I got an email this morning from Film Music Magazine, with an advertisement to learn music supervision & licensing through the ‘Music Business Institute’.
I have no idea whether this is the first of it’s kind – but it’s a beautiful example of the world we now live in – a world run by music licensing.
This world is very competitive too. Everyone is a composer now, vying for a piece of the same pie. Resources are scarce, and they grab for every bit of work we can lay our hands on, so is important to know how to manage your business in a very efficient way, which you can learn with Nigel Collin business consultation online, so you can be efficient in this competitive world, making the right decision on what .net cms software to use.
So I’m not surprised that there are courses for music supervision & music licensing. A composer might even get lucky and land a job actually working in music supervision too… but that brings me to a moral dilemma I have…
What happens when a production-music composer also works as a music supervisor?
This seems rather a contradiction. The temptation to just slip a track of yours into a production seems just too inviting – and I have heard on many occasions this very thing happening.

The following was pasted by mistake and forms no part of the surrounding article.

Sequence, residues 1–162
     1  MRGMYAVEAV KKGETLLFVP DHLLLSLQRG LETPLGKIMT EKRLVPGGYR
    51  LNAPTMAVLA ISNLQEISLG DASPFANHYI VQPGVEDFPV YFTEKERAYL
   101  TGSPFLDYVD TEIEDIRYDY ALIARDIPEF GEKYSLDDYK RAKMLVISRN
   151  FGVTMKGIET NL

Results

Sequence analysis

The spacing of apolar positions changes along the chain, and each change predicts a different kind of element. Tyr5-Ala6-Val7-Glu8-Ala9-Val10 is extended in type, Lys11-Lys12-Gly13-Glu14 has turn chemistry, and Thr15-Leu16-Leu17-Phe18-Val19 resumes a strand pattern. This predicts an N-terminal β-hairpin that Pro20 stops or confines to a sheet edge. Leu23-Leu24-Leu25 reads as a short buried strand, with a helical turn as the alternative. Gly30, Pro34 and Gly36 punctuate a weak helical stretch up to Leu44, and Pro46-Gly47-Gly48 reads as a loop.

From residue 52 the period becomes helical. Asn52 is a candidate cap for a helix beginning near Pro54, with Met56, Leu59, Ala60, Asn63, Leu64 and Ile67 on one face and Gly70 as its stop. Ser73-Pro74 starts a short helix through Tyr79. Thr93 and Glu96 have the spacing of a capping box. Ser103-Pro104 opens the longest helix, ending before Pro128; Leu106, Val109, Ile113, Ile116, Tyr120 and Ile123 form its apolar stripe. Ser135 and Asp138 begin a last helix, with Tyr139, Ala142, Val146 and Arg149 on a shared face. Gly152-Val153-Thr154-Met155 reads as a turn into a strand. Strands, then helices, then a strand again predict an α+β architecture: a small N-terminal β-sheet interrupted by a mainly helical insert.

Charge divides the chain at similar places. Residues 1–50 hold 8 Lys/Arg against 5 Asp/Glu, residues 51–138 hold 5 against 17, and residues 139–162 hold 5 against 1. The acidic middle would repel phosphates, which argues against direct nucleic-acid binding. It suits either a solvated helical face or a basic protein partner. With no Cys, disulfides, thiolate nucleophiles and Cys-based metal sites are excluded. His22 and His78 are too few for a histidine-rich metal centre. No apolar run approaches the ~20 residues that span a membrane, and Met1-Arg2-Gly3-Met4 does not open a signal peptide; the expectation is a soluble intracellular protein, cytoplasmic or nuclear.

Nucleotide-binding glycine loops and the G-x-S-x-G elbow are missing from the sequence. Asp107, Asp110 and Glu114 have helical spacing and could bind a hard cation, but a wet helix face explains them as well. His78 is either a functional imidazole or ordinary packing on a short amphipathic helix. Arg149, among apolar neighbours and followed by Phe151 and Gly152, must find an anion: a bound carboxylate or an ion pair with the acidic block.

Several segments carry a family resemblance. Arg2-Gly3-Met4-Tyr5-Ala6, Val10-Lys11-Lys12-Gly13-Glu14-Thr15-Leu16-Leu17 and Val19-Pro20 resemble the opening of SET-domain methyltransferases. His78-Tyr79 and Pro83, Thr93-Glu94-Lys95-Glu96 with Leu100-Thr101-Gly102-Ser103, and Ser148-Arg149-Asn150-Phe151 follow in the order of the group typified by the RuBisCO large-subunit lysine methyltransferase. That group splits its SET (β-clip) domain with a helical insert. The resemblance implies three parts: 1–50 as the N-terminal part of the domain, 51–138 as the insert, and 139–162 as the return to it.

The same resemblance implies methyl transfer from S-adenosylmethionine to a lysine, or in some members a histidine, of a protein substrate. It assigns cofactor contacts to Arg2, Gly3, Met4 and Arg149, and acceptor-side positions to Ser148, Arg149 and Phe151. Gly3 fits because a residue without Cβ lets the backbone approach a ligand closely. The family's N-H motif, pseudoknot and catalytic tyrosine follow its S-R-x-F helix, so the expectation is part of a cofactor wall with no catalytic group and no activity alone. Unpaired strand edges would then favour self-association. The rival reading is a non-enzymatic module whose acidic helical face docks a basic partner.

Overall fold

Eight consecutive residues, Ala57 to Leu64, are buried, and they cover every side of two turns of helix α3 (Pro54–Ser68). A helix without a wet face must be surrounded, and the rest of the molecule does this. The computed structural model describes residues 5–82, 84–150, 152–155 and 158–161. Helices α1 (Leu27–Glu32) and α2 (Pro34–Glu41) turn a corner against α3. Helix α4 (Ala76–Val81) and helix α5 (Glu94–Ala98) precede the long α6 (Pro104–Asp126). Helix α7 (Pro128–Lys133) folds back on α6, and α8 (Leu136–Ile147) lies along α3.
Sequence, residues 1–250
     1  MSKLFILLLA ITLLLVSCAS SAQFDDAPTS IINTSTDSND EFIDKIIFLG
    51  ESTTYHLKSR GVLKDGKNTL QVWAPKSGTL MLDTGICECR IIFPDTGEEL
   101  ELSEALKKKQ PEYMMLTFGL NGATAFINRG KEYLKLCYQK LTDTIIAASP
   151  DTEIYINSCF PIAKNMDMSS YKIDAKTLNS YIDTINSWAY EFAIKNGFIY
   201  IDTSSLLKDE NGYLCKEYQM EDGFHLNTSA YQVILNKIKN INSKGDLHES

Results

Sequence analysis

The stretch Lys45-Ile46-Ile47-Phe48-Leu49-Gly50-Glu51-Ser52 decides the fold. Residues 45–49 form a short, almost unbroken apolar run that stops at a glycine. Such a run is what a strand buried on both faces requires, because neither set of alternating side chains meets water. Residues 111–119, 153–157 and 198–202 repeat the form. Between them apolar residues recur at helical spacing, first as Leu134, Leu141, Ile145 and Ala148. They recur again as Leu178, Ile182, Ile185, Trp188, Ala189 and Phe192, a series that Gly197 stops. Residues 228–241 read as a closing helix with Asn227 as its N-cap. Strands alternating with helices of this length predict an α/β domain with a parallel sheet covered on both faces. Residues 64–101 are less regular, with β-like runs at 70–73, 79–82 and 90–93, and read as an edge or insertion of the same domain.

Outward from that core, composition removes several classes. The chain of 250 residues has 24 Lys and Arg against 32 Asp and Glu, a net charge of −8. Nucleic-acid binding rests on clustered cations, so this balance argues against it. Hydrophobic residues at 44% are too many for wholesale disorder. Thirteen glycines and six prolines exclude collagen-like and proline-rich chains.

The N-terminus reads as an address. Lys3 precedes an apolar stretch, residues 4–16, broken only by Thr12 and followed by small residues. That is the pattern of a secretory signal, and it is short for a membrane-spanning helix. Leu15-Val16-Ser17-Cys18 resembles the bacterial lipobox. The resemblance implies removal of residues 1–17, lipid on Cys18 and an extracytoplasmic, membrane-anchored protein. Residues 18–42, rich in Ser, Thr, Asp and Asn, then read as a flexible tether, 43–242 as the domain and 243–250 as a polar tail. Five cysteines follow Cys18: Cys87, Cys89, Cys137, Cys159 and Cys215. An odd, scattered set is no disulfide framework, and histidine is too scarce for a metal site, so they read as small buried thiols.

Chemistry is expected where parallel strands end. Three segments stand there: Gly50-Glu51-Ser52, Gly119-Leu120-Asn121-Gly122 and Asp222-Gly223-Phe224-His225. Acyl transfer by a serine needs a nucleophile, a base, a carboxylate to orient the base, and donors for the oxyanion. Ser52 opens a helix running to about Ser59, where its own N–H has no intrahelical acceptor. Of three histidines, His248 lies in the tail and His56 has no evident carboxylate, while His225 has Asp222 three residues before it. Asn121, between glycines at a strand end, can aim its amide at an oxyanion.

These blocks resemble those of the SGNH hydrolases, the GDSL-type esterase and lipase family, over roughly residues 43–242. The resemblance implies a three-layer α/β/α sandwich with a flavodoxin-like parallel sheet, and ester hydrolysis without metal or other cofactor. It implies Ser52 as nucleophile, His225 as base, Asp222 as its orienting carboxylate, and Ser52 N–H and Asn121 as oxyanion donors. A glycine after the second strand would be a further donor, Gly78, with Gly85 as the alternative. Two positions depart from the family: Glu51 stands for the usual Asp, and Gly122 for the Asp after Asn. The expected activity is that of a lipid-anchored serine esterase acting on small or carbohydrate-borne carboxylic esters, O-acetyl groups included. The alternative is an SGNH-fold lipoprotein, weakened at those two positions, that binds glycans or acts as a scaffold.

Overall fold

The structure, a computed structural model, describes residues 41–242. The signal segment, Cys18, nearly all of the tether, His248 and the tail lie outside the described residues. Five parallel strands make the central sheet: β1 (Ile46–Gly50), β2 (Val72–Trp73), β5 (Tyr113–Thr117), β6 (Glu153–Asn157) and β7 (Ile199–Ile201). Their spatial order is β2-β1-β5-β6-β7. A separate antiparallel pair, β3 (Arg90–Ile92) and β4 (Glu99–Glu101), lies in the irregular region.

And sadly, this kind of action has consequences – for the music supervisor in question (it’s effectively double-dipping, and most production companies frown on that), and for the composers & reps who bust their guts every day to find the best drum machine for a new beat or put new music in front of music supervisors in the hope that their music will be chosen.
So it’s for this reason I think music supervisors should be music professionals ‘other than’ composers – it leaves the conflict-of-interest out of the equation and everybody sleeps well at night.
So you wanna be a music supervisor? Just don’t screw me over. 🙂